Impact of COVID-19 on property tax valuations won’t be reflected until next year, officials caution

Image by Arek Socha from Pixabay, St. George News / Cedar City News

PAROWAN — Iron County property owners should start seeing their annual property tax valuation notices in the mail this week, but state and local tax officials are cautioning that potential impacts related to the COVID-19 pandemic cannot be considered a factor this year.

A news release issued by the Utah State Tax Commission on July 6 reminded taxpayers that any change in property value occurring after the state-mandated lien date of Jan. 1 will not be reflected until the following year.

“Because the COVID-19 pandemic happened after January 1, 2020, if there was any impact to your value, it will not be reflected in the 2020 valuation of your property,” the news release states. “Any impact that may occur such as a decrease in value due to the COVID-19 pandemic, would not be reflected until the 2021 valuation.”

Iron County Auditor Dan Jessen, whose office handles the appeals process through the Board of Equalization, met with Cedar City News recently to further explain how property taxes are assessed and collected each year.

Jessen said as county auditor, he collaborates with the State Tax Commission in calculating what’s known as the “auditor certified tax rate” for each taxing entity, such as a school board, a municipality or the county itself.

That certified rate, Jessen said, gives the state “the amount of revenue that they got last year, plus any new growth.”

Jessen said coming up with the rate involves “quite an algorithm.”

“So I tell them, ‘OK, based on all of the factors … this is how much revenue that you’re going to get without doing a tax increase,’” he said, adding that it’s usually “a little bit more” than the previous year because of growth.

“When I say ‘growth,’ I don’t mean valuation growth,” he said. “I mean new houses, garages added – like physical growth that will give more property tax revenue to the entities. Then they can accept that rate and the revenue that it comes with. Or they can say, ‘No, we need more revenue than that,’ which triggers truth in taxation, otherwise known as a tax increase.”

This year, none of the taxing entities within Iron County have opted to seek a tax increase, Jessen said, adding that as of the cutoff date of Jan. 1, “we were in the middle of incredible growth.”

“In fact, prices really haven’t even fallen with the pandemic. It’s just that everybody expects them to have fallen.”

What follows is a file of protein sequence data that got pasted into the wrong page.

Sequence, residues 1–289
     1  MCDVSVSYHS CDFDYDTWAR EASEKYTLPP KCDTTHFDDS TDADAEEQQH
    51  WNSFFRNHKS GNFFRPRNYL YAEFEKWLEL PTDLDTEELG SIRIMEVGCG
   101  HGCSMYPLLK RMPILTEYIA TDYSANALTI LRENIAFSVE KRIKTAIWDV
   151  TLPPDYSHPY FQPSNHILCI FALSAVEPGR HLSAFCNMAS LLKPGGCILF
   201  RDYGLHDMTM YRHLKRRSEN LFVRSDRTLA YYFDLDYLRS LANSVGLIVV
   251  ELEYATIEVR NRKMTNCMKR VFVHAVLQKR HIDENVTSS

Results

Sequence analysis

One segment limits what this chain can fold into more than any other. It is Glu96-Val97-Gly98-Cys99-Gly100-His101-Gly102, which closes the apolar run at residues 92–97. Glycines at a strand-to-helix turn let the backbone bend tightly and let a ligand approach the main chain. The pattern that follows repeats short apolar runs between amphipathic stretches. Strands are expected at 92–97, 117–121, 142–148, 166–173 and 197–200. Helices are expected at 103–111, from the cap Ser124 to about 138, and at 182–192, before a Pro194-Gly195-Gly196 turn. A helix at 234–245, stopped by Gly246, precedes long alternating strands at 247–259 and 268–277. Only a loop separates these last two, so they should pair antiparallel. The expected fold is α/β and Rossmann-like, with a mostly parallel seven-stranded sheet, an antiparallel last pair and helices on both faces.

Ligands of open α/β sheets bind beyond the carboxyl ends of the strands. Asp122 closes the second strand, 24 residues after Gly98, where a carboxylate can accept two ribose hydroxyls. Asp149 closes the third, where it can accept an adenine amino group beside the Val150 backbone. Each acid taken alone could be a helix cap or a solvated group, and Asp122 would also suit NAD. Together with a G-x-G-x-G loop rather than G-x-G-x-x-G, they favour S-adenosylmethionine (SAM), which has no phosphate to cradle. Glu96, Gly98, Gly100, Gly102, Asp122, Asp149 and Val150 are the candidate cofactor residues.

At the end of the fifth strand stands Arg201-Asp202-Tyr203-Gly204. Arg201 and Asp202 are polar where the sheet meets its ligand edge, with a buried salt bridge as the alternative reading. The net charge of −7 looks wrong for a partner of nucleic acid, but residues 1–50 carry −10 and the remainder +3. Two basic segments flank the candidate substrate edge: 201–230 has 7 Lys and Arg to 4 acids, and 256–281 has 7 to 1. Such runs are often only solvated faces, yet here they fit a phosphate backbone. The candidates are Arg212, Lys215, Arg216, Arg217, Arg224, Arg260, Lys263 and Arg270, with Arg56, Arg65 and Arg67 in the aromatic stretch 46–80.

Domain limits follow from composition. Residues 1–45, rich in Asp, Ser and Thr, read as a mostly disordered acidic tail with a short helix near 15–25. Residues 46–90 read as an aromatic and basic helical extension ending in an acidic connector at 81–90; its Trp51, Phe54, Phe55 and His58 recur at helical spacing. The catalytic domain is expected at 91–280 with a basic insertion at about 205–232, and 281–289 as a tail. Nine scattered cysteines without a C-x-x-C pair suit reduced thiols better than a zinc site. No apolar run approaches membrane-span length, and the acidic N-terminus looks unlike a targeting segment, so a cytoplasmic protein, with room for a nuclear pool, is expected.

Jessen went on to talk about a principle that is not widely understood: If all of the county’s property values went up by exactly the same percentage in a given year, then theoretically nobody would pay any more property taxes than they had than the previous year.

“Let’s say that Cindy Bulloch, the county assessor, increases the valuation – because it’s market driven – of every property in the county by 10%,” he said as a hypothetical example. “Nobody will pay a penny more than they did last year, because that’s the way the tax system is designed.”

Detail of large map on interior wall of Iron County building, Parowan, Utah, July 9, 2020 | Photo by Jeff Richards, St. George News / Cedar City News

However, in a more realistic scenario, Jessen said, some valuations are likely to go up 20% or higher while some are going to go up 5% and still others are going to go down in value. 

In this situation, there would be “winners and losers,” he said, because even though the net increase for the entire county might still work out to be 10% on average, there will be many taxpayers whose property values are either more or less than the average.

In this scenario, anyone whose values went up by more than 10% is going to pay a higher tax, since their property values went up by an amount higher than the county-wide average.

Jessen said he encourages property owners to look at the bottom-line amount on their property tax bill rather than merely the change on the valuation amount in order to get a clearer idea of how much their bill has changed since last year.

Taxpayers who want to contest their valuations may submit an appeal to the Board of Equalization before the Sept. 15 deadline, he said. More information on that process can be found here

“The Board of Equalization has to ignore COVID-19 for this year,” Jessen said as a reminder. “So everybody who appeals based on that will be told, ‘Sorry, by definition, there is nothing that can be done. Next year, you may have a case.’”

Copyright St. George News, LLC, 2020, all rights reserved.

Free News Delivery by Email

Would you like to have the day's news stories delivered right to your inbox every evening? Enter your email below to start!